Each and every taxpayer has a set of fundamental rights they should be aware of when dealing with the Internal Revenue Service.
The Taxpayer Bill of Rights takes the multiple existing rights embedded in the tax code and groups them into 10 broad categories, making them easier to find and understand.
A list of your rights as a taxpayer and IRS obligations to protect them can be found in IRS Publication 1, Your Rights as a Taxpayer. It includes The Right to Quality Service.
Taxpayers have the right to receive prompt, courteous, and professional assistance in their dealings with the IRS, to be spoken to in a way they can easily understand, to receive clear and easily understandable communications from the IRS, and to speak to a supervisor about inadequate service.
- Many answers to tax questions can be found on the IRS.gov website.
- However, if you cannot find an answer to your tax question in published instructions or online, please call the IRS for assistance. IRS representatives care about the quality of the service provided to you and are available to assist you. Here are some things to consider when calling the IRS.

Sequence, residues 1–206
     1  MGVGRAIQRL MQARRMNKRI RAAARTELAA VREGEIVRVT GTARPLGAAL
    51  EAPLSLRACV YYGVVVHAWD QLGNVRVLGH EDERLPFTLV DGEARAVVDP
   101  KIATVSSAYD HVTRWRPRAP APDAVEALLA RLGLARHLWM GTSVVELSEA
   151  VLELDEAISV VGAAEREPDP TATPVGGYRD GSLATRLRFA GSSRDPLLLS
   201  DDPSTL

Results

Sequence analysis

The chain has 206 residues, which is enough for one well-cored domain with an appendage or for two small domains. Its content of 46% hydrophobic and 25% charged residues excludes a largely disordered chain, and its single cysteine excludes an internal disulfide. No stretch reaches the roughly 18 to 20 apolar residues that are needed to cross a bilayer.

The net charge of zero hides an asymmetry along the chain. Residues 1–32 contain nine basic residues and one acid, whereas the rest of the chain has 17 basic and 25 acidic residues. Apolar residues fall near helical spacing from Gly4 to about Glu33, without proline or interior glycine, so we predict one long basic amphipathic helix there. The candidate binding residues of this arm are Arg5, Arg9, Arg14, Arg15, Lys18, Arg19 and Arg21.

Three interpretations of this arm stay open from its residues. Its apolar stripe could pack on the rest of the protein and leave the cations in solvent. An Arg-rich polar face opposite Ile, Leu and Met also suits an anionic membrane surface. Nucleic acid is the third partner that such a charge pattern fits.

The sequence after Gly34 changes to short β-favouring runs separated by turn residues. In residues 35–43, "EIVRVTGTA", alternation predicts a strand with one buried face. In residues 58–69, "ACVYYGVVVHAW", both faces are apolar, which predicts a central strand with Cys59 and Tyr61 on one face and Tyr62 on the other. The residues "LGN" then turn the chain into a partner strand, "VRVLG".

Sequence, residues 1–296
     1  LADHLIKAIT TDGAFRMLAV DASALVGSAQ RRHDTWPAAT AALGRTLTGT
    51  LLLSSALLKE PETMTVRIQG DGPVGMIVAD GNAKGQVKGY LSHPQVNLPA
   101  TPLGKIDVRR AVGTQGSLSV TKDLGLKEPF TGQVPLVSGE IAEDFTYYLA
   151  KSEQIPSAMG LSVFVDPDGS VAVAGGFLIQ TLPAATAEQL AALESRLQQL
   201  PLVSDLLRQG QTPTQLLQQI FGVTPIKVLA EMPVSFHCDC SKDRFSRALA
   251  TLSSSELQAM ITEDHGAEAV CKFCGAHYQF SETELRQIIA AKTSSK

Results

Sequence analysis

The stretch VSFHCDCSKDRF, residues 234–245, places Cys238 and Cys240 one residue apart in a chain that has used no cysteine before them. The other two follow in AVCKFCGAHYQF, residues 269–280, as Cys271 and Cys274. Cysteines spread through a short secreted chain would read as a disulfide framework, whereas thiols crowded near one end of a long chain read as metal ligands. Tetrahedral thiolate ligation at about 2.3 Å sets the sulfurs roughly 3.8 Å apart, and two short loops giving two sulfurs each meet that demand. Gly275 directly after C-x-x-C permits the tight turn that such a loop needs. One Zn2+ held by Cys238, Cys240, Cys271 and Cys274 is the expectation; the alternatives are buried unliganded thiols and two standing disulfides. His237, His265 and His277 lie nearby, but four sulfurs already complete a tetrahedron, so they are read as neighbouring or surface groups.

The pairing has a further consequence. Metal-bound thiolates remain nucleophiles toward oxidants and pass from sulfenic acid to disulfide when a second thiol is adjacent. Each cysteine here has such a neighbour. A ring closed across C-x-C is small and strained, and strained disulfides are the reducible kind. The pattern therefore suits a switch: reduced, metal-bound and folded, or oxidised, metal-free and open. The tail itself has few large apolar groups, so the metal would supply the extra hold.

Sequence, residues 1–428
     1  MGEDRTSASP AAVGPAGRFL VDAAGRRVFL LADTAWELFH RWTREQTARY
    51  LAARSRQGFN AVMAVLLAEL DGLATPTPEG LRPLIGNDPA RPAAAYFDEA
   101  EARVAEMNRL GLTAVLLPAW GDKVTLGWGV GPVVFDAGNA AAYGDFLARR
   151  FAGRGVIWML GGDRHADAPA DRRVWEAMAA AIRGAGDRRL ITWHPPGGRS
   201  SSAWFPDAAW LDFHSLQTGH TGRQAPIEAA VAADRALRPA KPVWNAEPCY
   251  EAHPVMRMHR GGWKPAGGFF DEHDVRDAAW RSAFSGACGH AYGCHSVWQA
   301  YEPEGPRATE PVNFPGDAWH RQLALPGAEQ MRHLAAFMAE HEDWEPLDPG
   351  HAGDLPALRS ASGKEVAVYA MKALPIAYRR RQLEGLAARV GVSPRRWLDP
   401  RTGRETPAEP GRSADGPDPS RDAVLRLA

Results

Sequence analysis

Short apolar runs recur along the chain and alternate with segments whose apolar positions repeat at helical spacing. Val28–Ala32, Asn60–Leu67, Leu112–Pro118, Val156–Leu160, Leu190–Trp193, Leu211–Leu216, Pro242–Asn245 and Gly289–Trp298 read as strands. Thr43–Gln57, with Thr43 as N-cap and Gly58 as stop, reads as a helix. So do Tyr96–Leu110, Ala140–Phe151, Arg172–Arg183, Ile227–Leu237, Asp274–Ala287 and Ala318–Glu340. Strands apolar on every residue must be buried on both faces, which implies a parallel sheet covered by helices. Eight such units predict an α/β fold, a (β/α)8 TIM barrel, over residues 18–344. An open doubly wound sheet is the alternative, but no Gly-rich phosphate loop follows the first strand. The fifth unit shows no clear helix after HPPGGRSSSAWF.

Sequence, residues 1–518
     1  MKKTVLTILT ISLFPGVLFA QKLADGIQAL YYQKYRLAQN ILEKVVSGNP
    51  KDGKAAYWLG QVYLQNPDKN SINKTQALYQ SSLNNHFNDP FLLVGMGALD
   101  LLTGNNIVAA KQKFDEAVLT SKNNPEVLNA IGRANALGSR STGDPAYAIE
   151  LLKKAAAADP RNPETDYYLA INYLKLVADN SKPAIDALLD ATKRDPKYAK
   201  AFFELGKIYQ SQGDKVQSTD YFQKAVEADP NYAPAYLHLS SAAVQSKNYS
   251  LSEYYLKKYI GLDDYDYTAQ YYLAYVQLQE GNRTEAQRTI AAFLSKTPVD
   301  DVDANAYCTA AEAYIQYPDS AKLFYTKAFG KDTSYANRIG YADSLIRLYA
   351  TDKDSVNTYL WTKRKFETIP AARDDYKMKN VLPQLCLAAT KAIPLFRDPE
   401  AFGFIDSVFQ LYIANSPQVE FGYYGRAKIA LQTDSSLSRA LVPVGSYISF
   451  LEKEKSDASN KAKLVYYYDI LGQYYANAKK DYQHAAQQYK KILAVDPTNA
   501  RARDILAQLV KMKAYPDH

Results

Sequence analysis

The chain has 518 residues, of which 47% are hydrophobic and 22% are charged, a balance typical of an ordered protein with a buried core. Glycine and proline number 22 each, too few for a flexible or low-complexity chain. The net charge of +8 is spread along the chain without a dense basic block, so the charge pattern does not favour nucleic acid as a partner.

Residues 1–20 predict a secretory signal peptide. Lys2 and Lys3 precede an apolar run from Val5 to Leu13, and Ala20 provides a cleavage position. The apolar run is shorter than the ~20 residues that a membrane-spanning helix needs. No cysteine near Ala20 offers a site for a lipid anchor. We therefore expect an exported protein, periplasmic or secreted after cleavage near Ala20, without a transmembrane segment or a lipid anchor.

- Certain IRS correspondence must include the name, phone number, and unique identifying number of an IRS employee that you may contact with respect to that correspondence.
- IRS representatives should listen objectively and consider all relevant information and answer questions promptly, accurately and thoroughly.
- Generally, you can speak to an employee’s supervisor if you have a problem.
- When collecting tax, the IRS should treat you with courtesy. Generally, the IRS should only contact you between 8 a.m. and 9 p.m. The IRS should not contact you at your place of employment if the IRS knows or has reason to know that your employer does not allow such contacts.
- Be mindful of tax scams. Remember, the IRS does not call you about taxes owed without having first mailed you a bill. The IRS does not make aggressive, threatening phone calls like the recent telephone scams.
English, Spanish, Chinese, Korean, Russian and Vietnamese versions of Publication 1, Your Rights as a Taxpayer, are posted on IRS.gov. By making this important publication available in multiple languages, the IRS hopes to increase the number of Americans who know and understand their rights under the tax law.